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Spotlight on data protection claims against the press

Posted on 27 September 2018

Spotlight on data protection claims against the press

The ability of media organisations to hold personal data on individuals with a view to publication is under the spotlight in a high-profile case now being referred to the European Court of Justice (CJEU).

A data controller such as a newspaper facing proceedings under certain parts of the 'old' Data Protection Act 1998 can seek a stay of those proceedings where it claims that the personal data it holds is unpublished material being processed for journalistic purposes with a view to publication. Under ss.32(4) and (5) of the Act, the court must stay the proceedings until either the claim is withdrawn, or the Information Commissioner (IC, the data protection regulator) determines that the data are not being processed for the claimed purpose. The data subject cannot compel the IC to make a determination, which means that a stay will often become lengthy or permanent. In practice, the provision has acted as a considerable bar to bringing DPA proceedings against the press.

The issue has arisen in the context of a broader dispute between James Stunt and Associated Newspapers over articles published in the Daily Mail and Mail on Sunday. The proceedings that relate to the DPA have been stayed, but Mr Stunt argues that the stay mechanism itself is incompatible with EU law, namely Article 9 of Directive 95/46/EC (rights to freedom of expression) and Article 22 (rights to an effective remedy). The question is particularly relevant given that the mechanism has effectively been preserved within the 'new' Data Protection Act 2018.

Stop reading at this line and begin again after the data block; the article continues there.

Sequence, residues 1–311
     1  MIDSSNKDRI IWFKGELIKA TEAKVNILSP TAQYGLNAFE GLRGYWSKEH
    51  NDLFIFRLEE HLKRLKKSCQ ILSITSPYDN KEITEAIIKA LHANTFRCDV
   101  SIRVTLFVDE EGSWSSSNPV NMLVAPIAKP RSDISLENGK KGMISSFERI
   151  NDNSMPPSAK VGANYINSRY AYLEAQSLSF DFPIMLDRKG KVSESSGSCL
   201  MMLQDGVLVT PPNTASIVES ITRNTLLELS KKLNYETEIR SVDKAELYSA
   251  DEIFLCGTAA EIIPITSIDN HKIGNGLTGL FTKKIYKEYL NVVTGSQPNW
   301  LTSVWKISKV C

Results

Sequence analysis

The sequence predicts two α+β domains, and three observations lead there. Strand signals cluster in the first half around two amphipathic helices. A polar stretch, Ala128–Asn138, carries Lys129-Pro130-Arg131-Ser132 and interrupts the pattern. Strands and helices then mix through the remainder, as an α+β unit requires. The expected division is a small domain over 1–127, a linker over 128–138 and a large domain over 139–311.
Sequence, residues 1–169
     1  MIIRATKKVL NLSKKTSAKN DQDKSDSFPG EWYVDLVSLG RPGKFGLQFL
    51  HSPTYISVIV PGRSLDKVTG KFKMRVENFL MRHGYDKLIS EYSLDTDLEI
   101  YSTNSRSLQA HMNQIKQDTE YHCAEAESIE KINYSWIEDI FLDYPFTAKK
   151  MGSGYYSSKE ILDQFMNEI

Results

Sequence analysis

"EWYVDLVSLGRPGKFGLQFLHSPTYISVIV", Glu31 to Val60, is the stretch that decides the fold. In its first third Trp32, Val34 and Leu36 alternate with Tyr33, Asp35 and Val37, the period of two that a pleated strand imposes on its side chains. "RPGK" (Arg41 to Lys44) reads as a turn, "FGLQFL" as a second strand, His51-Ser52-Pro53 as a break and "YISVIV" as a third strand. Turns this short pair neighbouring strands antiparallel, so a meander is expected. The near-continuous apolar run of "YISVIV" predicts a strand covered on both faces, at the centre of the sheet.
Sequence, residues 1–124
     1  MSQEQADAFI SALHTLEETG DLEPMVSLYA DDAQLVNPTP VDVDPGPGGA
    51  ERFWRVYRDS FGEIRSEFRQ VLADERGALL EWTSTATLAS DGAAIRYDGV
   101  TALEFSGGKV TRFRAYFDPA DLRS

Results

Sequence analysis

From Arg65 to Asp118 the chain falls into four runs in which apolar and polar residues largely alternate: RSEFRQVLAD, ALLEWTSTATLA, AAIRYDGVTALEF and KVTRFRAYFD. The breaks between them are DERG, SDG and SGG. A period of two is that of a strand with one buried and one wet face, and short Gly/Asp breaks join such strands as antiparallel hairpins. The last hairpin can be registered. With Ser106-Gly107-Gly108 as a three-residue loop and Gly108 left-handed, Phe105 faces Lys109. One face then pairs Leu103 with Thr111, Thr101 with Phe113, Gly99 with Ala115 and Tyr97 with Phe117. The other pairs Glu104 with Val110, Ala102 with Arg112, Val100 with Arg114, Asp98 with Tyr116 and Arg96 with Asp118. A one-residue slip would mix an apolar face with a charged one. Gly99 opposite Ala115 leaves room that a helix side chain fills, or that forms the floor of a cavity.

The latest judgment by the Court of Appeal (Stunt v Associated Newspapers Ltd) has taken us not much further forward, as the Court split on the issue of compatibility. The majority view was that the UK, like all EU member states, had a wide margin of appreciation in implementing the Directive and was entitled – having consulted widely with the media – to guard against the "chilling effect" of pre-publication restrictions. The minority view was that compliance with the Directive was "far from clear": a stay can be imposed without judicial scrutiny, and depends wholly and exclusively on the self-interested claim of the data controller. Ultimately, the Court referred the issue to the CJEU for a preliminary ruling.

The Court of Appeal did however give a unanimous interpretation of the scope of s.32(4). It favoured a narrow, purposive reading, which restricts the stay to journalistic material containing unpublished personal data at the pre-publication or disclosure stage, over a wider, literal interpretation, which would allow for a stay irrespective of whether the data had already been published or relied upon for publication. This interpretation was, the Court held, in line with the equivalent provisions under s.176 of the new DPA.

For now, the judgment provides some clarity, short of the CJEU's forthcoming, definitive answer to the question of compatibility. That ruling may prompt a new approach to the special purposes stay, and there is of course a broader uncertainty as to the extent to which the UK will be bound by CJEU decisions post-Brexit. Watch this space.

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